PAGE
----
Methodological Difficulties in Studying non-Western Populations in European Societies
Research Institute for Innovation in Education Hebrew University of Jerusalem Jerusalem, Israel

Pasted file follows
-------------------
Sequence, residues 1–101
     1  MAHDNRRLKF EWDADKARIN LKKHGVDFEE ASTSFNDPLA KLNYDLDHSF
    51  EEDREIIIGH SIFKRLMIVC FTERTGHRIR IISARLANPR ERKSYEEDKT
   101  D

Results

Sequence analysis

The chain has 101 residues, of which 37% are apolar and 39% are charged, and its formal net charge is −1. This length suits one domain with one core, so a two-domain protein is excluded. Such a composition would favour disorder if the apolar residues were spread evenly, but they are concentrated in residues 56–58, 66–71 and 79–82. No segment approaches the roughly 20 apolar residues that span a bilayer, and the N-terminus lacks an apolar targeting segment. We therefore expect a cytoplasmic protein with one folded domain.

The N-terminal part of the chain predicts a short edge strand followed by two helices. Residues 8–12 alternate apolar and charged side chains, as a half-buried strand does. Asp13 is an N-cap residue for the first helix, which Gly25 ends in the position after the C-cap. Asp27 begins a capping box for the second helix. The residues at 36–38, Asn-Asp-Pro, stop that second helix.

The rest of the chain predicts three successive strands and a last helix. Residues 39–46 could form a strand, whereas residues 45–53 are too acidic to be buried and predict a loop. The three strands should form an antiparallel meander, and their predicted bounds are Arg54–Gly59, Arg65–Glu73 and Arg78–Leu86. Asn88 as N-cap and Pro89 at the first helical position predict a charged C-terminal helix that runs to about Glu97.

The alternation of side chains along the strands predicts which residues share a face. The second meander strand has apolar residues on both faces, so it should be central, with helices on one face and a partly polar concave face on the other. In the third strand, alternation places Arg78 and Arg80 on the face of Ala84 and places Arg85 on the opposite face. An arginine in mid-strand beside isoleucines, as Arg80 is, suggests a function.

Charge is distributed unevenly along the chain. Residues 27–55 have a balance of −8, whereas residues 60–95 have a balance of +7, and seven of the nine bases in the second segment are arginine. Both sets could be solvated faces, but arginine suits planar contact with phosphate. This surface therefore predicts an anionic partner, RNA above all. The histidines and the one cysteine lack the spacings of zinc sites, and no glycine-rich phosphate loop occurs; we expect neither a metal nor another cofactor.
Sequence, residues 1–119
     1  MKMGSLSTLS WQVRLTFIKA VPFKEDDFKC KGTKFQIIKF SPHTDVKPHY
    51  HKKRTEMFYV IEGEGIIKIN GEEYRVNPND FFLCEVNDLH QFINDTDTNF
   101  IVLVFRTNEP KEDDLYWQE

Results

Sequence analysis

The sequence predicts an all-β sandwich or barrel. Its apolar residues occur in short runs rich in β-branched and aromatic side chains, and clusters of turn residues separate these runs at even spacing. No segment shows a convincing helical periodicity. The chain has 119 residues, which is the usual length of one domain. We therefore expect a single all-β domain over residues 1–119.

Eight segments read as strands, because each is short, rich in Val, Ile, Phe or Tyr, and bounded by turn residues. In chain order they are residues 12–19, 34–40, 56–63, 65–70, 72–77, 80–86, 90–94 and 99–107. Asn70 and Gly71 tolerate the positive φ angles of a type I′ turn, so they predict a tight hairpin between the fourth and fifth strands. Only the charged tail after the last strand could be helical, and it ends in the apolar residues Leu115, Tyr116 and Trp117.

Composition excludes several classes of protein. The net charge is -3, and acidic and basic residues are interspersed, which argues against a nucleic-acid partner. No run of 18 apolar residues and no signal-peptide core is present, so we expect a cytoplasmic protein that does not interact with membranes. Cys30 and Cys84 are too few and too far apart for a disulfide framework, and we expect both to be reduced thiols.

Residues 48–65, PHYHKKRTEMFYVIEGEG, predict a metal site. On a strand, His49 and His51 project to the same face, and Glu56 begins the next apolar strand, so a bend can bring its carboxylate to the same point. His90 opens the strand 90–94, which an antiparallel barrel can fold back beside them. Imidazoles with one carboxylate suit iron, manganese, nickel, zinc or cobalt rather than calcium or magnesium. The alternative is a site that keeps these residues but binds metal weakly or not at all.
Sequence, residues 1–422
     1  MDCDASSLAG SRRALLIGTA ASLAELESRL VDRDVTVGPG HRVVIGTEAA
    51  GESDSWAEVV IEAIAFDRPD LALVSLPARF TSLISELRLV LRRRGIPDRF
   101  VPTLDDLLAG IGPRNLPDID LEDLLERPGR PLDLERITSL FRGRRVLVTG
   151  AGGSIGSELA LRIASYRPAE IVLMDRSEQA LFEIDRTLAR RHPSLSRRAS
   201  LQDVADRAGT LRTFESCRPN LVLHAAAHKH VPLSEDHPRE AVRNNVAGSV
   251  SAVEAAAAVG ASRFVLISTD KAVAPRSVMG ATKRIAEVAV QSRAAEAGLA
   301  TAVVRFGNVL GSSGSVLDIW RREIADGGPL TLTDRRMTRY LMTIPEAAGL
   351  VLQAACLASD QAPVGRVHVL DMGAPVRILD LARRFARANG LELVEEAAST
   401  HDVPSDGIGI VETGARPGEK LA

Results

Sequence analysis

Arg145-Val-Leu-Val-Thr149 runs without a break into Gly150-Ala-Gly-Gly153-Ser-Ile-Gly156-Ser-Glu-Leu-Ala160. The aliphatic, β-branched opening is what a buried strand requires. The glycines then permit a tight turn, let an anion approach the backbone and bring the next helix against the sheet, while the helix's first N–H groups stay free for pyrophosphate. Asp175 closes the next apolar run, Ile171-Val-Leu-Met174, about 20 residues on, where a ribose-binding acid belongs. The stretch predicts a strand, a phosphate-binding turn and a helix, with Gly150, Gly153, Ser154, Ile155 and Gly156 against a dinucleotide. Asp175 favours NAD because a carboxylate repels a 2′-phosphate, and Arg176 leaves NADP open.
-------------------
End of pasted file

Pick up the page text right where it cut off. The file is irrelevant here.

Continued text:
The difficulties of studying non-Western populations in European societies and the appropriate qualtative methods to utilise have pre-occupied sociologists during the last two decades as a result of increased globalisation and migration. The question is raised whether an "outsider" can collect valid information or whether an "insider" can better understand the material, despite the obvious biases of his/her affiliations within the community. However, employing a "native" research assistant, who may often be second-generation European, may bring to the fore other problems. Furthermore, the intentional use of ambiguities in communication among certain migrant populations may produce an extreme situation in which the collection of "basic data" may be impeded. Indeed, there may be no common understanding of what "basic data" constitutes, and the interview session, ,or administration of an alternative qualitative methodological tool, may represent a negotiated reality between the researcher and the Other. There may be misunderstanding about the meaning of a simple questionnaire, which may take a full day to complete. In this paper, the difficulties encountered in the field with non-Western populations are revisited and exemplified with special reference to Ethiopian migrants in Israel. In fieldwork carried out in 2009, respondents conceptualized differently from this researcher questions that they were asked; observations were sometimes perceived as acceptance of socially stigmatic situations. These difficulties went over and beyond language barriers and cultural misconceptions about meanings of words, and tended to challenge qualitative methods traditionally used by researchers.